These Greek Wraps with Lemon-Kissed Tofu were actually featured in a contest for Vegetarian Times and So Delicious Dairy Free. I love, love the technique used for pressing lemon zest into the block of tofu and then searing both sides of the tofu block. It’s such a great idea and I plan to use it for other tofu dishes.
I have to admit, though, that I didn’t care for the So Delicious Plain Greek Cultured Coconut Milk. I love coconut milk yogurt, but I found this too sweet for being a plain yogurt. I actually used some salad dressing I had on hand to jazz it up. (Next time, I’ll use a different plain yogurt and turn it into a tzatziki sauce with dill and cucumber.) The final result was pretty tasty and filling.
A few weeks ago, I was contacted by a representative from Nasoya to try out the company’s revamped line of Nayonaise. Now, I realize that it’s advertised as a sandwich spread, but the warmer weather has me thinking about cookouts, and one of my favorite cookout foods is potato salad. So I decided to try out the Nayo Whipped Sandwich Spread in my recipe, which I’ve included down below. (I also received a jar of the original Nayonaise, which I’ll review and post at a later date.)
Tasting the sandwich spread right out the jar, I noticed that it has a slightly sweet and tangy flavor, which added a little extra punch to my potato salad. The sweetness counterbalanced the vinegar and mustard that I added to the recipe. The spread also incorporated really easily, coating the potatoes really well and adding a nice creaminess to the dish. And a little goes a long way.
All in all, if you’re looking to incorporate a little extra zing to your sandwich or your salad recipe, I highly recommend the Nayo Whipped Sandwich Spread.
Vegan Mustard Potato Salad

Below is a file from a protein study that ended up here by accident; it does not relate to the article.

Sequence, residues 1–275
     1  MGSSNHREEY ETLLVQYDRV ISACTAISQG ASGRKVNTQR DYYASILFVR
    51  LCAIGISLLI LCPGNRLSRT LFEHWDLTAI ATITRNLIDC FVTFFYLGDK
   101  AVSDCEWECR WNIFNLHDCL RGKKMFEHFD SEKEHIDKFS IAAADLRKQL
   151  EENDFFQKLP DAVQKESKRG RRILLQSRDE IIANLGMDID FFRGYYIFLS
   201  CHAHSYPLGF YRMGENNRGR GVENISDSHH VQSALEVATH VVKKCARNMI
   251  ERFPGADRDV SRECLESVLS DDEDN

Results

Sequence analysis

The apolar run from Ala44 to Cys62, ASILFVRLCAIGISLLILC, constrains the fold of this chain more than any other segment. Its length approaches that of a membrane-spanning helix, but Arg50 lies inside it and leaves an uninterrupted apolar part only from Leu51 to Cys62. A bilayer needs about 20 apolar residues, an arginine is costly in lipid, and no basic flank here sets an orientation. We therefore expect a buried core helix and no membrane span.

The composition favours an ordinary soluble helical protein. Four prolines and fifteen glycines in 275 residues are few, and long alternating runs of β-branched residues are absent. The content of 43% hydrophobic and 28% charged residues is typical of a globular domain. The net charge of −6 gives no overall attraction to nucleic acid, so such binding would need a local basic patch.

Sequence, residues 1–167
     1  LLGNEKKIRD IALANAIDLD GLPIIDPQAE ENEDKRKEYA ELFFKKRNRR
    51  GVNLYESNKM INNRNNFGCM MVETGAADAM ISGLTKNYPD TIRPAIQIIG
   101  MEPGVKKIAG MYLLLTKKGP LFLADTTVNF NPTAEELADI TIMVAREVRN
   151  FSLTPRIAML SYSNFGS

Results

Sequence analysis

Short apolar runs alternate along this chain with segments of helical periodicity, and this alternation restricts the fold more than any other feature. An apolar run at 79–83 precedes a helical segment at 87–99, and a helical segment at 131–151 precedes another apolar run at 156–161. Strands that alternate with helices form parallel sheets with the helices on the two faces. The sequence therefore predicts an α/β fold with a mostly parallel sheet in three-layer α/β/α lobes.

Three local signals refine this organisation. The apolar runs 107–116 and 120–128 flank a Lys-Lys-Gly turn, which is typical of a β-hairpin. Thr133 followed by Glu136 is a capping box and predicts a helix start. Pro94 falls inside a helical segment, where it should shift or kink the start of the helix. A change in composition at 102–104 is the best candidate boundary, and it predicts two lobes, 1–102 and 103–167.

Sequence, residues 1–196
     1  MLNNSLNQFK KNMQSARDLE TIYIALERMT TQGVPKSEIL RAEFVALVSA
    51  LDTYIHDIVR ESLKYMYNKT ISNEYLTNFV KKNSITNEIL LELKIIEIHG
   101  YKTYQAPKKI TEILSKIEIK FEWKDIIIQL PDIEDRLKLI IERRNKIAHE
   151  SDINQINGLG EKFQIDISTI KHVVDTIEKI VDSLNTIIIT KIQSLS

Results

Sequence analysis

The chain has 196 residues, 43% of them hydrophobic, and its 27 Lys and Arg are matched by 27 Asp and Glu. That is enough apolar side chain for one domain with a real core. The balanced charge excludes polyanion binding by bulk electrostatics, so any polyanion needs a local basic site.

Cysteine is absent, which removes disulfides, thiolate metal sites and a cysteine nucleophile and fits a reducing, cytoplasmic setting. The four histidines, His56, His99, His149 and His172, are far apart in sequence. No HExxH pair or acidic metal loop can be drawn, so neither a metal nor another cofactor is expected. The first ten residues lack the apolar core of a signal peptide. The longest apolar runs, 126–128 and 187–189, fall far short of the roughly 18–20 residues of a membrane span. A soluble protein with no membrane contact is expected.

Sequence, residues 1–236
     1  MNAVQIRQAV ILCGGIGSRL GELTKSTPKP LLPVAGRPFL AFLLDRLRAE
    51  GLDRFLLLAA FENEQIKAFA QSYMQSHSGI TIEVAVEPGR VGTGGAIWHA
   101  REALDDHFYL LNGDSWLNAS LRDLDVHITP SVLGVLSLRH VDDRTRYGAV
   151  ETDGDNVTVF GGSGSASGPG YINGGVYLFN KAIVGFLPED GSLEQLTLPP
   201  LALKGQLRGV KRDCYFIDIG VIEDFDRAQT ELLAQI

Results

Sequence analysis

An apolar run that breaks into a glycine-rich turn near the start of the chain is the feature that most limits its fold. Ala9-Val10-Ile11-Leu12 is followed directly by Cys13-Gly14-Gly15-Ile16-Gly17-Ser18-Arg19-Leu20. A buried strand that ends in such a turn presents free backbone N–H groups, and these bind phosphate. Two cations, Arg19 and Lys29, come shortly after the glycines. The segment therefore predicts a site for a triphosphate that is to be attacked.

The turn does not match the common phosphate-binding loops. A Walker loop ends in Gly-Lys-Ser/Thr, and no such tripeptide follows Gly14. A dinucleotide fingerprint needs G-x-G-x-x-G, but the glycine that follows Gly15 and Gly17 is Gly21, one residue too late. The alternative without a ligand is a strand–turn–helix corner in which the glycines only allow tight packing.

3lbs mix of Yukon and red potatoes, cubed and cooked until just tender (these provide two different textures to the salad)
1/2 cup chopped red onion
1/2 cup chopped celery
1/2 cup sweet pickle relish
1 cup Nayo Whipped Sandwich Spread
1 tbsp dried dill (or a little less if you’re using fresh)
2 tsp yellow mustard
1 tsp apple cider vinegar
salt and pepper to taste (I like a lot of pepper)
Salt the warm potatoes after draining. Throw all the ingredients into a large bowl and mix. Add salt and pepper to taste. Note: There’s a lot of room for experimentation with this recipe. Normally, I just eyeball it when I make it and don’t actually measure anything.
As you can probably tell, I love mac and cheese. Up until recently, I’ve been using the Mac and Cheeze recipe from Vegan Yum Yum, which I still love. But it’s still not quite there, in terms of authenticity. But this Vegan Mac ‘N’ Cheese recipe from Chloe’s Kitchen is the real deal. And, because it omits the soy sauce and miso, it’s more budget-friendly than the Vegan Yum Yum recipe. I like to bake mine as the recipe suggests, but it would be great served as a creamy dish. As usual, I like to serve blanched green beans on the side, and for this meal, I served a simple salad of mixed greens and vegan French dressing. I also used panko on top instead of regular bread crumbs for a little extra crunch.
I love the “5 Ingredients” feature in “Vegetarian Times.” It features dishes that each only contain five ingredients. And in the most recent issue, the 5-ingredient theme centered around chili. We tried the Smoky Chipotle-Kidney Bean Chili last week and it was pretty good. I could see building on it with more flavor when I make it again, but it’s perfect if you’re looking for a healthy, budget-friendly recipe.
This week, we decided to make the Greek-Style Chili. It’s basically chickpeas, diced tomatoes with garlic and onion, a pinch of cayenne, fresh spinach leaves and crumbled feta. (I couldn’t find vegan feta, so I just crumbled Daiya on top. Not really the same, flavor-wise, but it was still good.) The recipe says you can serve it over spaghetti, linguine or rice. As you can see, we decided to go with the linguine. The final result wasn’t what I typically think of as chili; I couldn’t imagine eating it by itself without more seasoning. But combined with the pasta, it was a light and easy weeknight dish that I would definitely make again.